Heavy rains and flooding impact numerous countries in Europe every year, sometimes with severe damage. Unequivocal prognoses for flooding risk and development trends have been difficult to come by, primarily due to a lack of data and poor cooperation between individual countries. The project “System Risk” sought to address this problem and brought together ten leading centres for flood research in Europe and eight partners from the industrial sector and bureaucracy under the auspices of the European Framework Programme H2020. Five countries (Austria, Germany, Italy, the Netherlands, and the United Kingdom) worked together on the multinational project.
Its goal was the development and implementation of a comprehensive systems approach to assessing and analysing the risk of flooding on a large scale. This is aimed primarily at implementing the European Floods Directive, as well as at improving instruments for insurance coverage. To that end, the project supported fifteen young scientists using improved data access and new algorithms and technologies to produce models, conduct analyses, and develop new flood risk management strategies on the basis of their results.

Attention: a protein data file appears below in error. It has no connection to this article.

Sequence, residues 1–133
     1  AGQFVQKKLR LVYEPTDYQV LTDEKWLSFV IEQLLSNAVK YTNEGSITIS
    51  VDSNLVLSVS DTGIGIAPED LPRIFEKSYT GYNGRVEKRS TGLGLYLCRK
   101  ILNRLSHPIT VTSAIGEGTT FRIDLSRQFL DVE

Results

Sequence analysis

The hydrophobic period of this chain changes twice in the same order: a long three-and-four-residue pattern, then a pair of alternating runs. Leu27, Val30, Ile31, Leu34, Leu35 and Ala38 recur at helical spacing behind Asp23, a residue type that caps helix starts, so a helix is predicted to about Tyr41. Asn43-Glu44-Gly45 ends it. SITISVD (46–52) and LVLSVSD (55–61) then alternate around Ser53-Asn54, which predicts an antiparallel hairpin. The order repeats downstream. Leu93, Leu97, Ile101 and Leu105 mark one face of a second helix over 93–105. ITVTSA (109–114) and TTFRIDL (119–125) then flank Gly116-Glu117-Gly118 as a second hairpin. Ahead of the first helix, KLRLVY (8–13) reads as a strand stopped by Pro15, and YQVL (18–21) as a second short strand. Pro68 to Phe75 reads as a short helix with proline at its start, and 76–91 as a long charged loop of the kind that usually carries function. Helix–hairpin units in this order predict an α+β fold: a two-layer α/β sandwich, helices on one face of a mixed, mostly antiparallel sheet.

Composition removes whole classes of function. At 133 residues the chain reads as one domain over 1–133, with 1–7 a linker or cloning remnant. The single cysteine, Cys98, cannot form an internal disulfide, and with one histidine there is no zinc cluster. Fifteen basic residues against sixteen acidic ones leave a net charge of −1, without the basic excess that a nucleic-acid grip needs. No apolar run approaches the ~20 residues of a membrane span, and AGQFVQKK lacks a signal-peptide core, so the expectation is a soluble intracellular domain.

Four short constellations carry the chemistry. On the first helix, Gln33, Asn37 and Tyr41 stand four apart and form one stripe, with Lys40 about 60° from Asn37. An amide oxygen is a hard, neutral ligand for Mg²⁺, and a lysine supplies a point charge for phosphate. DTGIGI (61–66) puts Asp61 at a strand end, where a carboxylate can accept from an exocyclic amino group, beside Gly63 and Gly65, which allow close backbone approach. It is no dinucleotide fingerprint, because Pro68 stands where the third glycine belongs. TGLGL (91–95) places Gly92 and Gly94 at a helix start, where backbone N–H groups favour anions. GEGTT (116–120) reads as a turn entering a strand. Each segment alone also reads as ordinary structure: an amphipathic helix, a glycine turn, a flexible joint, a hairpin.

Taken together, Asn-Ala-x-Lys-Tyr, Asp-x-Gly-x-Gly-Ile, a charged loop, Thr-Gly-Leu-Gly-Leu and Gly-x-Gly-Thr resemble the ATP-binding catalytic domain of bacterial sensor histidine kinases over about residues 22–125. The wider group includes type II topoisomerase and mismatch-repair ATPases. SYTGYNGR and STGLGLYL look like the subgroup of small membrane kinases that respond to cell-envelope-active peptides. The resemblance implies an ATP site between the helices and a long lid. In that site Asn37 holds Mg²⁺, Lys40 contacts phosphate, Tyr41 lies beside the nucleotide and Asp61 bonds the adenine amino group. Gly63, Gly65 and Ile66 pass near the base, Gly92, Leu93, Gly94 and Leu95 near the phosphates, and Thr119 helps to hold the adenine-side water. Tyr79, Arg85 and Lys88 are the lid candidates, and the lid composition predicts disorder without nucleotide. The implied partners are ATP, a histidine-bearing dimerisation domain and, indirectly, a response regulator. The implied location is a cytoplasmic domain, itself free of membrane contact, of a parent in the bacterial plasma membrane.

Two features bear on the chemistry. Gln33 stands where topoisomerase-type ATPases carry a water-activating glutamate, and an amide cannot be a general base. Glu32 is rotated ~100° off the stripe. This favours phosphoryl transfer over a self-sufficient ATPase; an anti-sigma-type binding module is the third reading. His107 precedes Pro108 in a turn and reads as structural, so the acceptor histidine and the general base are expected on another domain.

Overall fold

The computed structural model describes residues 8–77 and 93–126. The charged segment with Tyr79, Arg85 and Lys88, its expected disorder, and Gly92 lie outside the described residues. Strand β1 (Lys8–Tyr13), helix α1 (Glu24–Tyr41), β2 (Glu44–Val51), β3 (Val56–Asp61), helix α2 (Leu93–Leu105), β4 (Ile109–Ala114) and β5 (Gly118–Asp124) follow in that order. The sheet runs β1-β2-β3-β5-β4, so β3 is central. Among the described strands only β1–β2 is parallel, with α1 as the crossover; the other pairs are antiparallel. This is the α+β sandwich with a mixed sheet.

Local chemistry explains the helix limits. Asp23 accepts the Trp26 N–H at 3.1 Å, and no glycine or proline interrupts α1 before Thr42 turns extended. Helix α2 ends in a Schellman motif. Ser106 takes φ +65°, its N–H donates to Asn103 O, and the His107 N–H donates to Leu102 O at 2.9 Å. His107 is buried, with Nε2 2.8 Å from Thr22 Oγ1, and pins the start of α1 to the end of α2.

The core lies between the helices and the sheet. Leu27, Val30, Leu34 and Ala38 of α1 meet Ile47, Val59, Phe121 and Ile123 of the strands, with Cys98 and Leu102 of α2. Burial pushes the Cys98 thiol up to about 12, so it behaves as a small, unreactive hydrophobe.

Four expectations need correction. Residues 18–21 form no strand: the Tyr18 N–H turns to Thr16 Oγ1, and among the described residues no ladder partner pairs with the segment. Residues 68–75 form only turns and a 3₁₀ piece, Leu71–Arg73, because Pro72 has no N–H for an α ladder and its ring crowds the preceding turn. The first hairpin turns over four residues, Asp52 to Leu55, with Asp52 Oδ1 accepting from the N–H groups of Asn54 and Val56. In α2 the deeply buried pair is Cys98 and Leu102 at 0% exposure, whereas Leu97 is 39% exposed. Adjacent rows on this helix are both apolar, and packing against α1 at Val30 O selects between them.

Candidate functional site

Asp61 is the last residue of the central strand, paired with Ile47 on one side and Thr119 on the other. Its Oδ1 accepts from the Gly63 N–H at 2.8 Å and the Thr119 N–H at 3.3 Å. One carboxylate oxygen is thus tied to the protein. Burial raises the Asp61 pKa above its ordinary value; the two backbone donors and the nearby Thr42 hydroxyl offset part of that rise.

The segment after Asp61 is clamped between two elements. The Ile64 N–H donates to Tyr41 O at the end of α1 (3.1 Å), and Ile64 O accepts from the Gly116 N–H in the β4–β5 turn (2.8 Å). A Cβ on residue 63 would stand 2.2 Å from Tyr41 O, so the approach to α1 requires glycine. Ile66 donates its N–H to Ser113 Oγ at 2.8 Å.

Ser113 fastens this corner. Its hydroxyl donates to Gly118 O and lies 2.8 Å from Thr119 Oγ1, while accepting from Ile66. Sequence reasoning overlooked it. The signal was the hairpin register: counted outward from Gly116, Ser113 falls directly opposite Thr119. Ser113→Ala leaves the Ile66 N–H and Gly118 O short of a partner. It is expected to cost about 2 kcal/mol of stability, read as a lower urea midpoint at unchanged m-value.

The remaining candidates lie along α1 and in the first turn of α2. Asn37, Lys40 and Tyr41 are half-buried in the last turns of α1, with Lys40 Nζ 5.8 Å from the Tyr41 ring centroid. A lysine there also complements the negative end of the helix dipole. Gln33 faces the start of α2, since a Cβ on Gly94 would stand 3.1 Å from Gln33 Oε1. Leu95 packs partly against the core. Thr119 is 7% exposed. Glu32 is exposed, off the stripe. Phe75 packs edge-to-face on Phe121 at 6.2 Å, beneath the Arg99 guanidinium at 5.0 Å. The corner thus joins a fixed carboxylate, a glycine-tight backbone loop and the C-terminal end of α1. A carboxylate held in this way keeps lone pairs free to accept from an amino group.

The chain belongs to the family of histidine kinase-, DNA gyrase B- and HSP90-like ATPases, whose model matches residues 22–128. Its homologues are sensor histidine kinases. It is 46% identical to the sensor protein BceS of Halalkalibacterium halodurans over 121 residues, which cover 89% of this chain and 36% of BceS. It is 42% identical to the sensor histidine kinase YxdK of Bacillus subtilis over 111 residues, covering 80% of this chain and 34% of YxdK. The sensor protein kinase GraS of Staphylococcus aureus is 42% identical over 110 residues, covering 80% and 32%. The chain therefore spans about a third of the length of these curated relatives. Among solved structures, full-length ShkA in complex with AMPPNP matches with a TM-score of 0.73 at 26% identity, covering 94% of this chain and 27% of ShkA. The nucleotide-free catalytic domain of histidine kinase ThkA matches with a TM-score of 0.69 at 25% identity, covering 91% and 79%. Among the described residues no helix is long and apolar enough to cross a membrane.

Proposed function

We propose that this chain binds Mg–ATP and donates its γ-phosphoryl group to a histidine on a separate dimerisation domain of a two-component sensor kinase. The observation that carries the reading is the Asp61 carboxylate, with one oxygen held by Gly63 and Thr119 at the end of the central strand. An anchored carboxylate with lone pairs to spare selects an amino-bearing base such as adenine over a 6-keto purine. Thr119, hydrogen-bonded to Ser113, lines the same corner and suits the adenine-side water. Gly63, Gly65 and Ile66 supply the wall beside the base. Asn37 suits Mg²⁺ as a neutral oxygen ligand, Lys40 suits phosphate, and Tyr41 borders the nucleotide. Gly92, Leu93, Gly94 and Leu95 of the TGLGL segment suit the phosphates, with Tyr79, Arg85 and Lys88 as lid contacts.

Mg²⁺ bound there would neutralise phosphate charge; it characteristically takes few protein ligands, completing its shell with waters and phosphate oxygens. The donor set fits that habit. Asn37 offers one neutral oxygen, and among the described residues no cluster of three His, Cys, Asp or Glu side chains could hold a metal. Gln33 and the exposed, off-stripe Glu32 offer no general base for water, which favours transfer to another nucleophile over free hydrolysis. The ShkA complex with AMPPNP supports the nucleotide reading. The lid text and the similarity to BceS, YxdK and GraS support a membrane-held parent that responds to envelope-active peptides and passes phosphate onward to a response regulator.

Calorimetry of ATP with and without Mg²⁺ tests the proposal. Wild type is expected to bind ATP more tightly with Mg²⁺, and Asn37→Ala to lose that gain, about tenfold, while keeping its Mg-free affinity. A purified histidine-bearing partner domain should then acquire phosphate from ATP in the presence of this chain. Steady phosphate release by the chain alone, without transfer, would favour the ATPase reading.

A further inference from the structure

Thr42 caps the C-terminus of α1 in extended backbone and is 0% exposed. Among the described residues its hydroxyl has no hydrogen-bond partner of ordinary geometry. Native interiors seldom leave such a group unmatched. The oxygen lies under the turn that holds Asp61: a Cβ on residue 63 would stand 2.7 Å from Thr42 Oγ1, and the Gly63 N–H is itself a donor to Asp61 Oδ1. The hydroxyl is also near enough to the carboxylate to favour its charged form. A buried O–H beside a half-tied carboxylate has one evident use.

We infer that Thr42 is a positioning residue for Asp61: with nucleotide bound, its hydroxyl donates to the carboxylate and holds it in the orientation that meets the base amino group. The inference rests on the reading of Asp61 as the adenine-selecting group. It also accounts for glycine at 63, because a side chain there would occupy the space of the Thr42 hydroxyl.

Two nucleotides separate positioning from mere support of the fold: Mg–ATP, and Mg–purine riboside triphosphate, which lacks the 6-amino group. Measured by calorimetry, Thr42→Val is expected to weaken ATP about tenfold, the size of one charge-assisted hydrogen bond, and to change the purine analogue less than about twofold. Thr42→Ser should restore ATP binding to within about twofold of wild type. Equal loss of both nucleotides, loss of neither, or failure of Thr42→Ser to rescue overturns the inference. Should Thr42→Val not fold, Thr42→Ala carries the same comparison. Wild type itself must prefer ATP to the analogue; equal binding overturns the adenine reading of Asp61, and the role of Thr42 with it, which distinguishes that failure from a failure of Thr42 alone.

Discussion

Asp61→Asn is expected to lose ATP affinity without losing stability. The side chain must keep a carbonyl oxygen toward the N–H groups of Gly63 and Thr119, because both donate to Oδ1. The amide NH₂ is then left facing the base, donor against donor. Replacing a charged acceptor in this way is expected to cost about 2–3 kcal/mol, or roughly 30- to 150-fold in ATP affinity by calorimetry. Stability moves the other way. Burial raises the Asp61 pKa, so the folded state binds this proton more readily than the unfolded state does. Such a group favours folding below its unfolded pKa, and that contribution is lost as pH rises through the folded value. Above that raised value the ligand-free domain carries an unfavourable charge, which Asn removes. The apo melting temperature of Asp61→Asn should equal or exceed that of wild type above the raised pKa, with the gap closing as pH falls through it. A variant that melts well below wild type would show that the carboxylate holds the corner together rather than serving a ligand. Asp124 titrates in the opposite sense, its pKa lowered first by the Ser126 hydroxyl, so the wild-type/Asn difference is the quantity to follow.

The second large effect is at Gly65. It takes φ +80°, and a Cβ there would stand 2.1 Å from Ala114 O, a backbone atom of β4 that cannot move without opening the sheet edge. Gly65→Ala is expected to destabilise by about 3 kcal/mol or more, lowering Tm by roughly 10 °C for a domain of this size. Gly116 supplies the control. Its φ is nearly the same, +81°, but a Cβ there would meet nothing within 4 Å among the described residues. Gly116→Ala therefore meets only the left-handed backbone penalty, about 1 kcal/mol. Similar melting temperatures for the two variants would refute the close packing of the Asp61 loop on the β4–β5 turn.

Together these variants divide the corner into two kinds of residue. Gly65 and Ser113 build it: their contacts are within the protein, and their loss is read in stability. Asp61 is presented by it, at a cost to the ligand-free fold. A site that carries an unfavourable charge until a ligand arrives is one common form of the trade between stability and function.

The three pillars of the project were:
Creating risk chains that illustrate the path of flooding events from their origins, how they unfold over time, to their consequences.
Linking interactions that show the realistic processes between physical and social developments.
Illustrating the temporal dynamic of flood risk: What changes over the course of hours or days, if the flood risk changes due to the absence of protective measures? What changes over the course of months or years when the population develops its own dynamics for flood protection?
The project was coordinated by the The Helmholtz Centre Potsdam - GFZ German Research Centre for Geosciences. adelphi provided support as a research institution, primarily by coordinating public appearances and ensuring that the essential points of the project are disseminated effectively.